Plans for the Undergraduate Science Instruction Center were unveiled and unanimously approved by the University Board of Regents at their monthly meeting on April 18.

Paul Wong
Students expecting to live in residence halls like Alice Lloyd Residence Hall should expect an increase in room rates.

The estimated cost of the USIC is $61 million, and part of the funding will come from the sale of University land to Pfizer for $17 million.

The USIC will be located between the Power Center for the Performing Arts and the Life Sciences Institute on the corner of Palmer Drive and Zina Pitcher Place.

The building will include offices for free programs, laboratories, a life sciences library, wet life laboratories, a small animal facility and computer labs.

One of the main goals of the project is to develop an interdisciplinary and community atmosphere.

“In the spirit of the Life Sciences building, this brings multiple disciplines together,” building architect Victor Cardona said.

The plans include a four-story, L-shaped “generic loft”-style brick building with outdoor areas for students and faculty to interact, architect Bob Venturi told the regents at the meeting.

The building is meant to reflect the architectural style of Albert Khan, who designed several other University buildings, including Angell Hall, Hill Auditorium and the Harlan Hatcher Graduate Library.

In order to make the environment more conducive for student interaction, the architects designed a series of incidental seating places, including lounges and subtle outdoor meeting spots, similar to the raised patches of grass in front of the David Dennison Building.

The regents also approved a 4.95 percent increase in residence hall fees for next year and changes to the University’s policy for granting in-state tuition status.

Residence hall fees for a double room will increase by nearly $300 to $6,366. Single rooms will increase to $7,580. The increased costs will be used to upgrade fire protection systems in several residence halls and to pay for a significant increase in internet access and use by students living in residence halls.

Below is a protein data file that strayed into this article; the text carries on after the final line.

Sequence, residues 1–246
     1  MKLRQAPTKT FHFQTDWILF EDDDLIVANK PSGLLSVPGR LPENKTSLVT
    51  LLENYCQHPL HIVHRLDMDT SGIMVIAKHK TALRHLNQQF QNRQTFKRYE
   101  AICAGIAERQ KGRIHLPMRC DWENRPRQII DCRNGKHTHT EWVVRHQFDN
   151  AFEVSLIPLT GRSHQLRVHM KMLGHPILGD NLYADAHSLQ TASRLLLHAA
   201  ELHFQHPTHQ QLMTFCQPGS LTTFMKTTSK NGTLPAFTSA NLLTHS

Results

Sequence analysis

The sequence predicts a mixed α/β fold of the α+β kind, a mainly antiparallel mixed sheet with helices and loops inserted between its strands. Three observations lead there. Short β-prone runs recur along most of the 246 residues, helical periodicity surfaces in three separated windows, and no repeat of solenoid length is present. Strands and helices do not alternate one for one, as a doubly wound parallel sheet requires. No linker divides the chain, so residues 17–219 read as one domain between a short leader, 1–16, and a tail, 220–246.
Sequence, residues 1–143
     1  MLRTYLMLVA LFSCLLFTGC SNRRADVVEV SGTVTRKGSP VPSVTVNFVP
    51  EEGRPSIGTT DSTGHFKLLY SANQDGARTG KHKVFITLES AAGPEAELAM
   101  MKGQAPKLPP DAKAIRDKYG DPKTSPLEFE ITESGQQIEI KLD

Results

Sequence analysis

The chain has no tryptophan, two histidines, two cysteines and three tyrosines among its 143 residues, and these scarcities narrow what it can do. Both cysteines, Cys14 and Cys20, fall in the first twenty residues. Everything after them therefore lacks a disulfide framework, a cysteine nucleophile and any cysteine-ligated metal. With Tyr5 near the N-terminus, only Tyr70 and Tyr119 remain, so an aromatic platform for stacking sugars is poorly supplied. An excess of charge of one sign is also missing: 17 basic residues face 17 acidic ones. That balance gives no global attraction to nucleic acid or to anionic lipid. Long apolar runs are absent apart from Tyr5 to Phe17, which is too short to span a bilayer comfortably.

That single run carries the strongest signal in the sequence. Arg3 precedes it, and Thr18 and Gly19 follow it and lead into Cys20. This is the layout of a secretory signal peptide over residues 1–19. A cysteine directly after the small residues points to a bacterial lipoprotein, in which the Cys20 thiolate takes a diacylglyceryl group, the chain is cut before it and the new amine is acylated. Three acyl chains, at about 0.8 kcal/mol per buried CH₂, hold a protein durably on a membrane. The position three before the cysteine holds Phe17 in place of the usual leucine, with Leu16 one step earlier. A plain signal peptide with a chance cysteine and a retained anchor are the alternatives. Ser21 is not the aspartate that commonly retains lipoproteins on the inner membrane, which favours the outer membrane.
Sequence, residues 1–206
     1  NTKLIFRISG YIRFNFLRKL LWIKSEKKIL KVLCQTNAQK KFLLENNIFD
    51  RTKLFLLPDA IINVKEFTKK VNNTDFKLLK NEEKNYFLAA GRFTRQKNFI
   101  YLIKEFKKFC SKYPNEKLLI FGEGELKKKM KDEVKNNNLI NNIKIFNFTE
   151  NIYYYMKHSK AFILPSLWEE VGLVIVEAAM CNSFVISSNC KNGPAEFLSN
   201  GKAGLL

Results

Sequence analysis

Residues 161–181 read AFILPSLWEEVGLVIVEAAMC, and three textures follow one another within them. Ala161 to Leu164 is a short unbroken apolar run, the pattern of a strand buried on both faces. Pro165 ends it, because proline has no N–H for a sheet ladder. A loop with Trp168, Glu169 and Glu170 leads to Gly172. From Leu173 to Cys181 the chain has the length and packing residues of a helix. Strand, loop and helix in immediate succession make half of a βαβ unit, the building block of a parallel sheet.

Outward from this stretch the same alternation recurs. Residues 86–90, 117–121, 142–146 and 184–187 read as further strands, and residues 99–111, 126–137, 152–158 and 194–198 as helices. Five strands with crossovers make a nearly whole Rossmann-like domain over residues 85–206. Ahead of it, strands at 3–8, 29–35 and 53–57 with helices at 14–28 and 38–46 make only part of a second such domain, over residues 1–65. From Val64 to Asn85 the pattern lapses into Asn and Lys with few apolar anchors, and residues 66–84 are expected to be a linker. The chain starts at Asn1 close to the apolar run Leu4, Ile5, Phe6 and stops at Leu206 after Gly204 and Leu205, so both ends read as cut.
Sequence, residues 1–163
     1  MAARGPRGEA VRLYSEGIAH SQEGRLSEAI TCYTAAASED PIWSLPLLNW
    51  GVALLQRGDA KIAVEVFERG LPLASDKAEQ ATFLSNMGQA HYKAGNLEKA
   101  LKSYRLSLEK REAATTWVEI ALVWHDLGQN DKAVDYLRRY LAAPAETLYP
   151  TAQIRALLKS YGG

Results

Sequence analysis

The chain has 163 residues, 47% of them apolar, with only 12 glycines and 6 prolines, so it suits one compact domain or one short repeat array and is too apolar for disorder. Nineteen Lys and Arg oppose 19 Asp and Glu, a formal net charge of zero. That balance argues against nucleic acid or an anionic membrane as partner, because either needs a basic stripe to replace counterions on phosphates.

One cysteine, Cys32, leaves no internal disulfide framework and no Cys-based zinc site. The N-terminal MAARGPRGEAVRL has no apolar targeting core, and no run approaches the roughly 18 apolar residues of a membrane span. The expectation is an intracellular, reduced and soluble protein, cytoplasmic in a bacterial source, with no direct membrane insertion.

New rules for in-state status hope to clarify the existing policy and make it easier for students to claim in-state tuition who move with parents due to employment reasons.

Another main focus of the regents’ attention was hospital finance, which the regents expressed much concern over at last month’s meeting.

Vice President for Medical Affairs Gill Omenn discussed the hospital’s financial health compared to other universities, but the discussion soon turned to how to keep the system strong in the future.

“We need to make plans so five years from now we aren’t sitting here with huge debts,” Regent Andrea Fischer Newman (R-Ann Arbor) said. “We want to see the future as well as the past.”

Chief Financial Officer Robert Kasdin warned that discussion over the financial shape of the health system should not indicate that the system is in danger.

“We are having this discussion not because the sky is falling but because we want to be ahead of the curve,” Regent Larry Deitch (D-Bingham Farms) said. “We just want to move forward from this position of strength to maintain this edge.”

Regents questioned the further development of medical services, which did not earn the hospital’s additional revenue and urged Omenn to look at services such as the cardiovascular and cancer centers as ways to maintain the gap between income and expenditures.

Several of the vacant seats in the administration were also filled yesterday. Daniel Sharphorn and Gloria Hage, both attorneys in the General Counsel’s Office, were appointed to the position of Deputy General Counsel. The position was previously held by Liz Barry, who is now the managing director of the Life Sciences Institute.

The position of interim Chief Financial Officer will be filled by Timothy Slottow, who has been involved in University finance since 1998. He is taking over the position currently held by Kasdin, who will be starting a new job at Columbia University this spring.

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